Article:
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Dependence of the transfer efficiencies of individual species on GdmCl concentration.(a,b) Transfer efficiency values obtained for the population of unfolded molecules by fitting FRET efficiency histograms recorded in the microfluidic-mixing device at different final GdmCl concentrations 3.8±0.3 ms after mixing. (c) Same experiments as in b, but histograms here were recorded after 4.6±0.5 s to allow for complete refolding of I27 in the presence of unfolded I28 (see main text). (d) I27 monomer transfer efficiencies measured 3.8±0.3 ms after mixing at different concentrations of GdmCl. The transfer efficiency of this species is taken to be representative of a misfolded state with the central domain formed and the terminal domain unfolded (, see main text). In all plots, a solid vertical bar at 0.23 M GdmCl, that is, the GdmCl concentration in which we measured refolding, represents the uncertainties obtained from the 90% confidence interval of an extrapolated fit (equation 10 in Methods) to all data points excluding the one at 0.23 M GdmCl (error bars indicated for individual data points). For the plots in c and d, it was possible to measure the transfer efficiency directly at 0.23 M GdmCl (red and purple circle, respectively), but these points were not included in the fits: the excellent agreement of the extrapolated and measured transfer efficiency values confirms the suitability of the extrapolation approach. A representative structure of the corresponding molecular species is given in each panel; the residues labelled with fluorescent dyes are indicated as orange spheres. All plots are colour coded according to the transfer efficiency populations in Fig. 3.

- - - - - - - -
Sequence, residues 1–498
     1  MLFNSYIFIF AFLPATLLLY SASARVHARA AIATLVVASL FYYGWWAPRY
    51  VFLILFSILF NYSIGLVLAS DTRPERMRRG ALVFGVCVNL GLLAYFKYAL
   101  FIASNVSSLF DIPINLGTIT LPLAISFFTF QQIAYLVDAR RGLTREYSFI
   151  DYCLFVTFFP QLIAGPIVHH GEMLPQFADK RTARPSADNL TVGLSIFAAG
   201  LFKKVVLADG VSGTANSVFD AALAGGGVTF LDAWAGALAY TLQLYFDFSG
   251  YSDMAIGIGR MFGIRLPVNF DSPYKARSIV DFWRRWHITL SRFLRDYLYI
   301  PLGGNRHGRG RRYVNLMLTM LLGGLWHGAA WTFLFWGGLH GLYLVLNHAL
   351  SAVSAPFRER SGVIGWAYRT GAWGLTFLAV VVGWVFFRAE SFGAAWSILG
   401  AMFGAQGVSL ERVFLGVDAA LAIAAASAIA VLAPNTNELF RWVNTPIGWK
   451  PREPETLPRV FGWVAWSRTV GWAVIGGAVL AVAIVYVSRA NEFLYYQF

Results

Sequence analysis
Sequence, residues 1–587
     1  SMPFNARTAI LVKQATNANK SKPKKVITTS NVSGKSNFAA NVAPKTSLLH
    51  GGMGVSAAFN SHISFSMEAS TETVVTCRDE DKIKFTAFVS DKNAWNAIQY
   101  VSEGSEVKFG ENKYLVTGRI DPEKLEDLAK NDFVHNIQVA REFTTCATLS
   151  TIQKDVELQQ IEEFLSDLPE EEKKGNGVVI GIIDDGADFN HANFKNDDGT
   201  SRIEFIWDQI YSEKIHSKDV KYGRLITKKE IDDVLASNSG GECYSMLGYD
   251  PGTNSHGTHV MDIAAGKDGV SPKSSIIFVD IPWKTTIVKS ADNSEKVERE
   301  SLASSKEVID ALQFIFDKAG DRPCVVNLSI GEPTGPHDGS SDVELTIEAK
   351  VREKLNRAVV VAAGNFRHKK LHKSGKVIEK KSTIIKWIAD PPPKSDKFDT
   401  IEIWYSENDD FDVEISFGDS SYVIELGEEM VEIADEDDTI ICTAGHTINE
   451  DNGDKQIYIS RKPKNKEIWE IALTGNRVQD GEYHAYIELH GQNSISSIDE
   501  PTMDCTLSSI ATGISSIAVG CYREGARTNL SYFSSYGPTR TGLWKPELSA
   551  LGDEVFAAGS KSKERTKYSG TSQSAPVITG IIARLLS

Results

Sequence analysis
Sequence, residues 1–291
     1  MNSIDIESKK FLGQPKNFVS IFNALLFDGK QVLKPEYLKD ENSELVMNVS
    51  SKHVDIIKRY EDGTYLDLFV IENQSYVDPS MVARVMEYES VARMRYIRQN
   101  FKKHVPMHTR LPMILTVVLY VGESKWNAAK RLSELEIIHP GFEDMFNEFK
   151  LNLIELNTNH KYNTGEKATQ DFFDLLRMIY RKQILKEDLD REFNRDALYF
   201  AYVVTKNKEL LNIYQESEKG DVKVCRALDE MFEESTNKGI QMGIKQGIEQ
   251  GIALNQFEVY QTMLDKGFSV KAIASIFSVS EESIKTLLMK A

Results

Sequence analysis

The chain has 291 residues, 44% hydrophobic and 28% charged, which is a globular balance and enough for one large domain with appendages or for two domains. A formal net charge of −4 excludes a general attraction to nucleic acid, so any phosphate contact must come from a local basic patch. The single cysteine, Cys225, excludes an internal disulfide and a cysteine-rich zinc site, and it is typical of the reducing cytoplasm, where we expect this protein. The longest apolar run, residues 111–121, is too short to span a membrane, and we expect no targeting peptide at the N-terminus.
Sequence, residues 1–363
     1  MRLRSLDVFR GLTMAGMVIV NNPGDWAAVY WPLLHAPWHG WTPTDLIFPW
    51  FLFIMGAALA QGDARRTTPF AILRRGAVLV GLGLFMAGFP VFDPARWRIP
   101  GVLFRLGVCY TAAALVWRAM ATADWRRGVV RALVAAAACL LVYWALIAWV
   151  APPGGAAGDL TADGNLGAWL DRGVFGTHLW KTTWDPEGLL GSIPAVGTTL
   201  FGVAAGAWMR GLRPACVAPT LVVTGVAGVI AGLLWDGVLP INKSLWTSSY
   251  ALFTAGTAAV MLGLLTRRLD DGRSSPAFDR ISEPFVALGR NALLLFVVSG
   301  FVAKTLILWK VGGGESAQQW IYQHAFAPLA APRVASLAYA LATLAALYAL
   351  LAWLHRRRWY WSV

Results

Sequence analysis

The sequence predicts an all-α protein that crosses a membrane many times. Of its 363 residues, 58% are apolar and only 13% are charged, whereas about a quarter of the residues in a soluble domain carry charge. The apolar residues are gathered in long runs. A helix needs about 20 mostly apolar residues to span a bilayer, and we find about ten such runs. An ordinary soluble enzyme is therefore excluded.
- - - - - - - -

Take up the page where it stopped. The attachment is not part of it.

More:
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f4: Dependence of the transfer efficiencies of individual species on GdmCl concentration.(a,b) Transfer efficiency values obtained for the population of unfolded molecules by fitting FRET efficiency histograms recorded in the microfluidic-mixing device at different final GdmCl concentrations 3.8±0.3 ms after mixing. (c) Same experiments as in b, but histograms here were recorded after 4.6±0.5 s to allow for complete refolding of I27 in the presence of unfolded I28 (see main text). (d) I27 monomer transfer efficiencies measured 3.8±0.3 ms after mixing at different concentrations of GdmCl. The transfer efficiency of this species is taken to be representative of a misfolded state with the central domain formed and the terminal domain unfolded (, see main text). In all plots, a solid vertical bar at 0.23 M GdmCl, that is, the GdmCl concentration in which we measured refolding, represents the uncertainties obtained from the 90% confidence interval of an extrapolated fit (equation 10 in Methods) to all data points excluding the one at 0.23 M GdmCl (error bars indicated for individual data points). For the plots in c and d, it was possible to measure the transfer efficiency directly at 0.23 M GdmCl (red and purple circle, respectively), but these points were not included in the fits: the excellent agreement of the extrapolated and measured transfer efficiency values confirms the suitability of the extrapolation approach. A representative structure of the corresponding molecular species is given in each panel; the residues labelled with fluorescent dyes are indicated as orange spheres. All plots are colour coded according to the transfer efficiency populations in Fig. 3.